Even more impactful is how such ordinances allow gays and their political allies to seize control of the political landscape, resulting in things like – in 2007, the San Diego fire department being forced -against their will- to walk in the gay pride parade. Resulting in things like Christians being hauled into jail for peaceful gatherings near such parades – including a scene at a 2004 Philly gay pride parade, where 11 Christians were arrested for gathering, including 2 women over age 70.

    And not just the political landscape but the cultural landscape, translating into a suffocating realm of political correctness, where people lose their livelihoods for simply voicing dissagreement with gay activism – people like Duck Dynasty, and others:

    -Damian Goddard, Sportscaster, fired for tweeting dissaproval of gay marriage.

    -Fmr NFL player Craig James, fired from Fox News after somebody researched his past (over a year prior) and located him quoting Biblical dissaproval of homosexuality

    -CNN anchor Roldand Martin, fired for tweet of dissaproval of homosexuality

    Soccer player Lee Steele, fired for a gay-critical tweet.

    -A Brooklyn, N.Y. District Attorney, also fired for a gay-critical tweet.

    -Boxer Manny Pacquiao, who lost an endorsement deal with a California Mall when he affirmed traditional marriage in an interview.
    -Matt Barber, Allstate Claims Investigator, fired for writing an editorial critical of gay activism.

    Not only does gay nondiscrimination translate into the above cases of intolerance, it opens the floodgates for a tidal wave of frivilous litigation by this thin-skinned demographic, cases like:

    Granville, TX where a gay bank employee sued his bosses for discrimination, because his promotions didn’t come as timely as he’d have liked.

    Or the Ohio Bell gay employee, suing his employers for gay discrimination because they refused to address him by his *husbands* surname, even though Ohio doesn’t recognize gay marriages.

    A Tampa, Florida gay man is suing Cracker Barrel for gay discrimination because he (says) he overheard other employees talking critically about him.

    A gay man in Massachusetts is suing an advocacy group that pays for facial reconstruction surgery for only female victims of domestic violence, alleging discrimination.

    A cross-dressing man in Washington, D.C. is suing a Christian-owned women’s homeless shelter for denying him access. This example has disturbing implications. Indeed, the ‘T’ in LGBT – via nondiscrimination ordinances- grants cross-dressing men full access to all sanctifiably-feminine public facilities, one’s used by little girls as well. In Florence, CO, high school girls are aghast at the continued presence of a cross-dressing boy sharing their restrooms…and there’s nothing they can do about it. Ditto with a cross-dressing man imposing on women’s privacy at Evergreen College in Olympia, WA. We see in actual practice how this warped notion of “equality” plays out – laws making the public engage in the same delusion as the gender-confused do.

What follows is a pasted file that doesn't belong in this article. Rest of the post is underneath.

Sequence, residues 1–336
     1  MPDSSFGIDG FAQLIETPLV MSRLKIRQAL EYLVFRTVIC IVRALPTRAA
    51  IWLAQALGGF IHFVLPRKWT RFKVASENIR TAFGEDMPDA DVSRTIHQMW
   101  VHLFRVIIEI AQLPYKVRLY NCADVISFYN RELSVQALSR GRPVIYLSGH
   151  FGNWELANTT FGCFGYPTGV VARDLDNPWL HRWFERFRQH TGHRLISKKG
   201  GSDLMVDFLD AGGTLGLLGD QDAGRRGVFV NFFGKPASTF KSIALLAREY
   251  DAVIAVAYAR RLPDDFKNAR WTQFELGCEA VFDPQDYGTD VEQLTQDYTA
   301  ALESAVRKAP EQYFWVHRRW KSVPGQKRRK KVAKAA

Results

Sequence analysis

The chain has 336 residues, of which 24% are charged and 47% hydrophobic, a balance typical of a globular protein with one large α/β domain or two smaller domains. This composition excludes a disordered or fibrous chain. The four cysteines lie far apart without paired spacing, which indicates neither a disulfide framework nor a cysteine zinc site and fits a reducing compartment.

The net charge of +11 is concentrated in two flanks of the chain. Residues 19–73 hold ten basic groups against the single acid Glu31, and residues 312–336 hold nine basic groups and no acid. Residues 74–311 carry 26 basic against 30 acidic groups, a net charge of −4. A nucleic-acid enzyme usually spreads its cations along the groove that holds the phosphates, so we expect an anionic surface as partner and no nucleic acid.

And speaking of Christians, we have the national trend of Christians in the para-wedding industry being forced to either violate their consciences – make gay wedding cakes, and such – or be fined out of existence. At you can see the large list of Christians penalized for their values.

    Not just seizure of the cultural and political landscapes, gay nondiscrimination functions like an all-access pass for getting gay-social-engineering mandates forced on the local marketplace, government, and academia – including to the youngest of children in schools.

    This is public policy insanity. How can you bestow special rights on a minority when there aren’t even validating standards proving they are gay? There is no gay gene, or any biological proof of this condition, and only exists in the realm of subjectivity. And how can it be proven that -amidst discrimination allegations- that an employer or landlord was even aware of that invisible, subjective trait in their dissaproval of a person?

    We draft laws for the prosperity of the Many, not the molly-coddling of the Few. And this ‘Few’ is an army of militant, feverishly-driven zealots with cavalier indifference to the rights of others. Don’t empower them – they’re already drunk with power. They already have mega-funded advocacy groups molly-coddling them, people like GLAAD and HRC, ACLU.

    Bottom line, there simply is no climate of systemic, institutionalized bigotry against gays. It’s proponents are revolting against some phantom, unseen, unsubstantiated theoretical possibility of oppression – a glorified paranoid delusion. Must we draft overreaching legislation to validate this delusion?

    See the disturbing assessment of such ordinances at your contribution to our discussion here.

  8. Ronnie M said

    A sexual preference does not a civil right make. An invisible, subjective trait does not a person make. How can you prescribe this permanent solution (in-search-of-a-problem) to validate a transient reality. I’m talking about ex-gays -people like Little Richard, Actress’ Anne Heche and Cynthia Nixon, and a huge list of the not-so-famous.

  9. Stanley Klemetson said

    I have seen unintended consequences with these types of laws. As an example, the ADA had a great goal of protecting those with disabilities, but what I saw was the attorneys making all of the money. Write a bill that attorneys can receive no more than ten percent of the award and than perhaps I can support the bill.